CARLITO’S WAY and SPARTACUS 50th Anniversary Edition Blu-ray Reviews

     May 28, 2010


Between Carlito’s Way and Spartacus on Blu-ray we see the greatness and weakness of Blu. When it comes to modern films – and with more films shot digitally – you don’t find a lot of recent films that look bad on the format. And even if a film is still shot on film (even 16mm, as with The Wrestler) the material is supervised by the makers, and the source material is going to be pristine. But when it comes to older films, the material can be lacking, and decisions can be made to smooth out or remove grain. With many of the creative team behind these films no longer with us, you could argue there’s no right answer, just preference. And then you have the case of The French Connection where the director changes the color palette on what appears to be his whim. No one’s going to complain about Carlito’s Way’s transfer, but a number of people are pissed off at Universal for the Spartacus Blu-ray, while others think it looks fine. My reviews of Spartacus and Carlito’s Way on Blu-ray are after the jump.

Spartacus was a huge turning point in Stanley Kubrick’s career. Anthony Mann was the original director and did some of the first act, but was fired and star Kirk Douglas helped get Kubrick the job after their success with Paths of Glory. Though Kubrick would spend the rest of his life working in the studio system, he never bothered with this sort of movie again, even if there are some faint echoes of the film’s scale and pageantry in Barry Lyndon. It’s probably the least personal of Kubrick’s movies, and seems stuck in the big screen mold without ever coming to life.


The story is of Spartacus (Douglas) a slave bought by Lentulus Batiatus (Peter Ustinov), and put in Batiatus’s gladiator school. Spartacus is trained, but when a bunch of spoiled rich people buy him and Woody Strode to fight to the death, Strode decides he won’t kill another slave, and instead throws his spear at his oppressors. That’s enough to start a slave revolt, and Spartacus begins to amass a following that puts him against Crassus (Laurence Olivier) and Julius Caesar (John Gavin). Spartacus has a number of men helping him (including Tony Curtis), and he is united with his love Varina (Jean Simmons), and may have some support from the inside from people like Gracchus (Charles Laughton) but foreign support is unlikely because a slave revolt might lead to the end of slavery.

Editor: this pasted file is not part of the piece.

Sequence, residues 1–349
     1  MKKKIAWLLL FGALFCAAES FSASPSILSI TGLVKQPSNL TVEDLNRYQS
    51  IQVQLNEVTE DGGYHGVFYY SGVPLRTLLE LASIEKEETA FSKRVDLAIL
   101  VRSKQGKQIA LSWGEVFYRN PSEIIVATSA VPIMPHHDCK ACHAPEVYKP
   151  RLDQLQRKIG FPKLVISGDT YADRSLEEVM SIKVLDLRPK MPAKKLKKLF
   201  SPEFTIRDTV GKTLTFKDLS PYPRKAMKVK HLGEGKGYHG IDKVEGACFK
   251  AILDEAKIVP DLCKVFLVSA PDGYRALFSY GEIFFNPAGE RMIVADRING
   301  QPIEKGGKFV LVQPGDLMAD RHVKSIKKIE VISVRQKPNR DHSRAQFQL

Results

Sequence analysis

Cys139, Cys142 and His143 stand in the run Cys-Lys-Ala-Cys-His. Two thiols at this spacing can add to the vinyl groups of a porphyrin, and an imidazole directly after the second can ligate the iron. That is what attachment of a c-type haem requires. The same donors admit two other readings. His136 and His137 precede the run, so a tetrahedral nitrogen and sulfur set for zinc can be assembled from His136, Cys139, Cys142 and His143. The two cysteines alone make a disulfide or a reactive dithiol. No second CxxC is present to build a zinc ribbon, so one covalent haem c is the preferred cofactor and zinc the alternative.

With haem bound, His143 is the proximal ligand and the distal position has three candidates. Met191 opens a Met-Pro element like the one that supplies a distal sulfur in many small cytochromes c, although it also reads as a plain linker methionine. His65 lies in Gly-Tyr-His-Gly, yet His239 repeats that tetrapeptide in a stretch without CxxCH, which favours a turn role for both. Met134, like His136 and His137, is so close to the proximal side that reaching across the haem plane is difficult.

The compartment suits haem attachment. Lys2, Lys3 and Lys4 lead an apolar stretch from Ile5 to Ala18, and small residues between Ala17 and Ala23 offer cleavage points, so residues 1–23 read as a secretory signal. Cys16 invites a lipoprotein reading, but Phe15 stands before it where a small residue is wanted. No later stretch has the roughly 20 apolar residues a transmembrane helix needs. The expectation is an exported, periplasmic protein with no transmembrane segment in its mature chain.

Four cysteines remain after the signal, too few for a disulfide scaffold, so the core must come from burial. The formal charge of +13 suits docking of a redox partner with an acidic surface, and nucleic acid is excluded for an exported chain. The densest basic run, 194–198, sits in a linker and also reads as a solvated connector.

spartacus-movie-imageLike most epic movies of the time, it’s got a huge scale that sometimes hurts the film when it feels back-lotty, and studio. Watching a film like Spartacus points out how amazing a film like Lawrence of Arabia is in its complete realization of scale and scope. Then again here you also have some truly epic battles, with the literal thousands of extras. The film is also good for being epic without dwelling too much on any religious themes (which in the world of Ben-Hur was a rarity as that was the popular way), but the film is curiously inert at times, and – of course – there’s the awkward presence of Tony Curtis, whose New York accent has long been a source of amusement for its out-of-place-ness. More curio than outright success, Spartacus still fascinates.